This Paul Revere Williams-Designed Home in Los Angeles Is Available for the First Time in 60 Years

The circa 1932 French Normandy Revival-style residence at 601 Lorraine Boulevard in L.A.’s historic and historically hoity-toity Windsor Square neighborhood, just a handful of miles west of downtown, looks much as it did both inside and out when it was designed more than 90 years ago by prominent L.A. architect Paul Revere Williams.

The stately traditional, set on a .41-acre corner parcel and facing the backside of the Getty House, the official residence of the mayor of Los Angeles, was built for the wealthy Sanger-based rancher and investor William Collins. (The house was burgled in 1938, and $15,000 worth of jewels, furs, and silverware were purloined.) Though they reportedly vacated in 1959, the house remained in the Collins family until 1966, when it was acquired by the real estate developer Lee Chase and his surviving wife Suzanne Chase.

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Now available for the first time in nearly 60 years, the vintage residence is co-listed for a smidgen under $5.5 million with Timothy Perry of Berkshire Hathaway HomeServices California Properties and Richard Battaglia of Compass. There are five bedrooms and five bathrooms throughout the not-quite-4,900-square-foot home.

601 Lorraine Los Angeles Windsor Square
The foyer features elegant moldings, vintage lighting, and the original curved staircase.

The interiors could use some spit and polish—namely updates to the kitchen and bathrooms—but it’s shot through with the sort of elegant, original details that make a home like this worth preserving: high ceilings, herringbone-patterned wood flooring, plaster walls, custom millwork and moldings, solid wood interior doors, and period light fixtures. The property was given a Landmark Award from the Windsor Square Hancock Park Historical Society.

The graceful curves of the scrolled pediment over the front door are echoed in the foyer with the grand sweep of the staircase, a hallmark of Williams, and in the brocade pattern of the shimmering platinum wallcoverings. The swooping stair banister is original, and rumor has it that, according to marketing materials, it was carved on site. The fanciful moldings in the foyer continue in the pale-pink step-down living room, with its chateau-esque carved wood fireplace and French doors that open to a covered brick patio.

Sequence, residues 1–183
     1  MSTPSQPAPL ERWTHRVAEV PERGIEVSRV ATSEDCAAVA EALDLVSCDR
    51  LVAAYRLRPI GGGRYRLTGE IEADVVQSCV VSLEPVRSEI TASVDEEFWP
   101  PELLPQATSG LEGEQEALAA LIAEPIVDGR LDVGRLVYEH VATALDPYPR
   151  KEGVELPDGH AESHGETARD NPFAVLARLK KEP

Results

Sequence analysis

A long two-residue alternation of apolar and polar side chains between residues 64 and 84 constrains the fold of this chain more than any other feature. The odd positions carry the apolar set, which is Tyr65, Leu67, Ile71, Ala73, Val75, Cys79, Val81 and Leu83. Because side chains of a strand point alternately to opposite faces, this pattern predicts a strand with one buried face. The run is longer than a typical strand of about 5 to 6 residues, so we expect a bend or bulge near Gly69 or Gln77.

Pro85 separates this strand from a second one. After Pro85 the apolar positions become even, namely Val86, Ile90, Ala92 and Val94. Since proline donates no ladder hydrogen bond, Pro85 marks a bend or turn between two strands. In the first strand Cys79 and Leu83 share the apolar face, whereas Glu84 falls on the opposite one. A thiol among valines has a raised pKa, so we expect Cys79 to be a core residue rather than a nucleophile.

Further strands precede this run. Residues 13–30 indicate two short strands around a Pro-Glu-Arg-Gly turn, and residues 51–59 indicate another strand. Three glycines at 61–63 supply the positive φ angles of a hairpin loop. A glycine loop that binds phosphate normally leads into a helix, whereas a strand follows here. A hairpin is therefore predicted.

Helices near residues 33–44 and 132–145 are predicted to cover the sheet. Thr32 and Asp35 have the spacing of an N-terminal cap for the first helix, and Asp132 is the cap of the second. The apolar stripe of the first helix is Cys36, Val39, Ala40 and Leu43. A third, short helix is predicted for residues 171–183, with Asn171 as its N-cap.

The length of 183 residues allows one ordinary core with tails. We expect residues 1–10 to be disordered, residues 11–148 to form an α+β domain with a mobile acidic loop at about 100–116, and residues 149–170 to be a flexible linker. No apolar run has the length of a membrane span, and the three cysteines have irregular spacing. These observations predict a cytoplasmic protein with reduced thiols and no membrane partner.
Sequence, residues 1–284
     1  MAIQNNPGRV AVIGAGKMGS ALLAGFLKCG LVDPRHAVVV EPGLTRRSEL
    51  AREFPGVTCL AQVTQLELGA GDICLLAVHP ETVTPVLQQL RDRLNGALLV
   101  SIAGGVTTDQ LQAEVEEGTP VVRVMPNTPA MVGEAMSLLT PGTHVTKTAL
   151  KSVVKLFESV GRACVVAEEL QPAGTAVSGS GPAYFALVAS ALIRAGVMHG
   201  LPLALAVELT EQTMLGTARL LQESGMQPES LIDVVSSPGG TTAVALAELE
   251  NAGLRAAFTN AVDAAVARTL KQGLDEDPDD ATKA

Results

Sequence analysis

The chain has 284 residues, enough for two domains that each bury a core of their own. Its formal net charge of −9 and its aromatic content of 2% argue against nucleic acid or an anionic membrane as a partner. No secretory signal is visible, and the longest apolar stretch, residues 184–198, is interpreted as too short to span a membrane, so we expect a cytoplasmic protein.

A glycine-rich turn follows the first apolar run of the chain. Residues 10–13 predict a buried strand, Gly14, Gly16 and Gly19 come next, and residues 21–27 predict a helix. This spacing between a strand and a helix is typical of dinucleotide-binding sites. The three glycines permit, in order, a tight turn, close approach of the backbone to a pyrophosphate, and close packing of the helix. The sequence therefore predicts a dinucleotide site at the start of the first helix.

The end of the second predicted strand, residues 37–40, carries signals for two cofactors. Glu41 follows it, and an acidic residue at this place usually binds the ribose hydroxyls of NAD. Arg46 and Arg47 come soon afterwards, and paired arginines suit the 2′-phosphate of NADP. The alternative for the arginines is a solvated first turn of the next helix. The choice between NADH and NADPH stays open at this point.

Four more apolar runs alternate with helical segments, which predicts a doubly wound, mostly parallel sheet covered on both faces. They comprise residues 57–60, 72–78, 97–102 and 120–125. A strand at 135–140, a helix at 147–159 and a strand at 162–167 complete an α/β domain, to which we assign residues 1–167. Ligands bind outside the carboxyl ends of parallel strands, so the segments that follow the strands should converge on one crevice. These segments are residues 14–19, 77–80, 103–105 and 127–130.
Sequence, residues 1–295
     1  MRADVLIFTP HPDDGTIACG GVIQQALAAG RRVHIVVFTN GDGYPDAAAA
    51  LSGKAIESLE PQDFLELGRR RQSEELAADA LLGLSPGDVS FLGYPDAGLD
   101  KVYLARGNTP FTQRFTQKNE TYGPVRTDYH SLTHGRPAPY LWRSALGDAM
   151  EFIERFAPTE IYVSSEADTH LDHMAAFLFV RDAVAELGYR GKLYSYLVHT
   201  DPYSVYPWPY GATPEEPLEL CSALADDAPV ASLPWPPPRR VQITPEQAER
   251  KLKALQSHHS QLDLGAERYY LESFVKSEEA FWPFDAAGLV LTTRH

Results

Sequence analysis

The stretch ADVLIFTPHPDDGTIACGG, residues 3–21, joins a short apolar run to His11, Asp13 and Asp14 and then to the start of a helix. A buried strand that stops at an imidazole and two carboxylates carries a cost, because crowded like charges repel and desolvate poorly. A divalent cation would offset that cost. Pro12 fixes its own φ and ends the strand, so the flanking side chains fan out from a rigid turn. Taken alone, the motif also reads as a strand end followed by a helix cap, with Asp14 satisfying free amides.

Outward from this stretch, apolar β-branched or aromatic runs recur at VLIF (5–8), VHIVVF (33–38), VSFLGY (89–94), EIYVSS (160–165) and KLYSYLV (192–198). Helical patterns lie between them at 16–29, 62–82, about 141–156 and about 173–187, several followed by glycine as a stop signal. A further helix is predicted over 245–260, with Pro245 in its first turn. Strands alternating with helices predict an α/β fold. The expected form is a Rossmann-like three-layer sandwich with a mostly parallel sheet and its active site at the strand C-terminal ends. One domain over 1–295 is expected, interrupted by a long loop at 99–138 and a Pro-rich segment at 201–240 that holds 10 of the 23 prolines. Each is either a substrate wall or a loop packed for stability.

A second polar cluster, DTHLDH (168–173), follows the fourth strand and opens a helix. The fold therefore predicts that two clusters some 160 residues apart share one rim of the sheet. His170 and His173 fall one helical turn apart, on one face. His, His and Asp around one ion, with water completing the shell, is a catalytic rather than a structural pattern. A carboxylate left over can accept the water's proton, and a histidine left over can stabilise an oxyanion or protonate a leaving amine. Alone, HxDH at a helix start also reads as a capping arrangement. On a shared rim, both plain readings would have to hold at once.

In the wood-paneled library, a hidden door to the right of the fireplace pops open to reveal a clandestine, Prohibition-era bar for hiding booze, and in the mid-1960s, the Chase family brought Williams in to remove a wall between the kitchen and butler’s pantry. A secondary kitchenette on the second floor is ready for transformation into a late-night snack bar and early-morning coffee station.

601 Lorraine Los Angeles Windsor Square
A Prohibition-era bar is secreted behind a hidden door in the library.

The back of the house embraces a partly covered brick patio with a circular fire pit. Beyond the patio, towering trees and thickets of foliage around an expanse of lawn provide excellent privacy from the surrounding homes. The property is walled for security with three separate gated entrances, one of which leads to a motor court and a detached three-car garage positioned at the rear of the property. Unlike many, if not most, homes in the neighborhood, there is not currently a swimming pool, but there’s certainly ample room to add one.

Williams, the first certified African-American architect west of the Mississippi, designed equally elegant homes in a range of styles for a who’s who of Hollywood, including Frank Sinatra, Lucille Ball, Lon Chaney, and Tyrone Power. In the 1930s, he designed a large home in the Holmby Hills neighborhood for media pioneer Jay Paley. Hotelier Barron Hilton acquired the estate in the 1960s, and in 2021, the Hilton family sold the trophy property to former Google CEO Eric Schmidt for $61.5 million.

Click here for more photos of 601 Lorraine Boulevard.

601 Lorraine Los Angeles Windsor Square
601 Lorraine Los Angeles Windsor Square

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